The Indian government is also promoting the vision of 25 percent of all new vehicles as EV by 2030. It has introduced a GST reduction for batteries being used in EVs and the tax incentives on purchase of EVs have been welcome steps. The launch for FAME-I in 2015 and FAME-II in 2019 has increased investor interest. FAME-II outlays a budget of `10,000 crore phased over 2019 to 2022, with a key objective to electrify public and shared transport. A total of 10 lakh e-2W, five lakh e-3W, 35,000 e-4W, 20,000 e-4W (strong hybrid) and 7090 e-buses will be a part of this program.
The focus is also to promote domestic production so that India becomes a manufacturing hub and remains self-reliant going forward. The government has made charging of EVs a de-licensed activity which means that anyone can go ahead and install an EV charger. These steps have been ably backed up with many state governments coming up with their own EV policies and charging tariffs.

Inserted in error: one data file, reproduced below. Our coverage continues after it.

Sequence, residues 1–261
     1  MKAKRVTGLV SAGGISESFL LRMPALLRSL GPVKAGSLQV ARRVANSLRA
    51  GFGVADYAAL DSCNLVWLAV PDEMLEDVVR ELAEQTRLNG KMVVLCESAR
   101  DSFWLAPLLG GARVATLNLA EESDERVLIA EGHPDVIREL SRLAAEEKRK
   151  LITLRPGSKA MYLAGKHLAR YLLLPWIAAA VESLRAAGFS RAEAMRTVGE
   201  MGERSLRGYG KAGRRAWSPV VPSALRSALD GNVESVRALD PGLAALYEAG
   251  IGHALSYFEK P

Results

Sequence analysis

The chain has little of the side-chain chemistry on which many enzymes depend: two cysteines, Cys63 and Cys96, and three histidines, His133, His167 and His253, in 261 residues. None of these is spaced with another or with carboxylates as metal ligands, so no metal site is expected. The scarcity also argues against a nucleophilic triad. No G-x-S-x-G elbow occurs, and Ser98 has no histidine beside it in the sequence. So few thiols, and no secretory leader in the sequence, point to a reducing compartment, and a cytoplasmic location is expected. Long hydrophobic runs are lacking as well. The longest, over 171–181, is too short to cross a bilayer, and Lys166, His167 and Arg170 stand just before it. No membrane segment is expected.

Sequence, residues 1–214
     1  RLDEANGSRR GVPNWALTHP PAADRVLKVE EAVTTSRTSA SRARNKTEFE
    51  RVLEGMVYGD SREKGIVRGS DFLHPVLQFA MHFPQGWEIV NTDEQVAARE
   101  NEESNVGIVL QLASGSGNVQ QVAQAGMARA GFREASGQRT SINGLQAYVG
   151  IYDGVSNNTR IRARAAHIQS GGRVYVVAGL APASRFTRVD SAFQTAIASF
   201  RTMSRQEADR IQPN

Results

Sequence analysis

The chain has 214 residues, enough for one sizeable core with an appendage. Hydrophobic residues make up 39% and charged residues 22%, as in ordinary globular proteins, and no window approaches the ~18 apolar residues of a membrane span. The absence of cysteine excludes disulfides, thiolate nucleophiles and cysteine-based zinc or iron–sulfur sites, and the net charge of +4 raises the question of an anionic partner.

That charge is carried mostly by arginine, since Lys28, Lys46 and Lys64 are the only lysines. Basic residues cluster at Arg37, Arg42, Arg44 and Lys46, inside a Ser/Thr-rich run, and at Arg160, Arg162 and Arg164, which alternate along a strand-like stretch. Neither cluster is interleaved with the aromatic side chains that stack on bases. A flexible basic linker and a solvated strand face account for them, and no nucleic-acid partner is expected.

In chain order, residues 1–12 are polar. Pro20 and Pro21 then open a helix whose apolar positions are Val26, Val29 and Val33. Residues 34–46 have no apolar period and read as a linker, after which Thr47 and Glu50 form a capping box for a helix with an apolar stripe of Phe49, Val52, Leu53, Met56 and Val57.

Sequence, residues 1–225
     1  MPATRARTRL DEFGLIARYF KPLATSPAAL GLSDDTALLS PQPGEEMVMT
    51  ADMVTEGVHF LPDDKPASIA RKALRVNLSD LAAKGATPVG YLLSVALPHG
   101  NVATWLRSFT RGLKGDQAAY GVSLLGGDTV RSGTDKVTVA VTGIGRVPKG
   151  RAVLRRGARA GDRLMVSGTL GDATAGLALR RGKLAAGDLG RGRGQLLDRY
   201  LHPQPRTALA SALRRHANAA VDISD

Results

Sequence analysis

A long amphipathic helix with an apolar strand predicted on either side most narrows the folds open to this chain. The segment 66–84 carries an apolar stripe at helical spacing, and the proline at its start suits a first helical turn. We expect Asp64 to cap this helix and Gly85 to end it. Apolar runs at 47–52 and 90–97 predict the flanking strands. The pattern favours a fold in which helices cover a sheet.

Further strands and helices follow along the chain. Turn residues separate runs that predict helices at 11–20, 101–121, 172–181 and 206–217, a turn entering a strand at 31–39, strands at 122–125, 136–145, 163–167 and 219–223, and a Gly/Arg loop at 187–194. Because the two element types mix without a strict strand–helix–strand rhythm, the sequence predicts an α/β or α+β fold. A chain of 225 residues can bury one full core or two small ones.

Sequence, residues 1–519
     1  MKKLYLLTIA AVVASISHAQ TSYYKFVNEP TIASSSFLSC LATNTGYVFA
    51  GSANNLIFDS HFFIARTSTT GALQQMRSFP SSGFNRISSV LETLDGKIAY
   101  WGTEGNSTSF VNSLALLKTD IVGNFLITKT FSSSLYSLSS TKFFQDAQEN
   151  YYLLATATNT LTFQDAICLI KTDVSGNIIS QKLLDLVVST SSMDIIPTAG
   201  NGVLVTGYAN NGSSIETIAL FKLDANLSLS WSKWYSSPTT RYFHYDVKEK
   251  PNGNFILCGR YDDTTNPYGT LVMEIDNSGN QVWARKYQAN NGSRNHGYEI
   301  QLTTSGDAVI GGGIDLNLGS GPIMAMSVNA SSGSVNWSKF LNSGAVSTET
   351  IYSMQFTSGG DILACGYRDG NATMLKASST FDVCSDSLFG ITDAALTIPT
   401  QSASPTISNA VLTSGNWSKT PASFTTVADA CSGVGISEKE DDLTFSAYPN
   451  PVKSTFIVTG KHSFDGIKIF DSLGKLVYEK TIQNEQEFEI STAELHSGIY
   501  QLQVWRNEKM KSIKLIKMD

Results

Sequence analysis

India Energy Storage Alliance projects that the market can grow at a CAGR of 36 percent between 2018 and 2026. Market growth is projected to increase pace after 2023-24 when cost parity is expected between an ICE and an EV.
Though there are complaints about the speed of transition and policies often being delayed and non-confirmative, the point to appreciate here is that the transition has come a long way.
One technology, which also started getting prominence towards the end of the decade, is Hydrogen. Who knows, hydrogen might have its own market share in the transportation sector in the next decade!
So, overall this decade will always be remembered as a decade in which the energy sector truly transformed. It changed many myths and misconceptions and also made even the toughest critic of change realize the importance of change. Yes, there have been hiccups, there has been investor issues due to lack of policy clarities and indecisiveness of government commitments; 2019 specially has been a dampener where renewables saw a decline in installation and growth, but overall this decade has been an eye opener and has set up the stage for a very promising decade that is knocking at our door.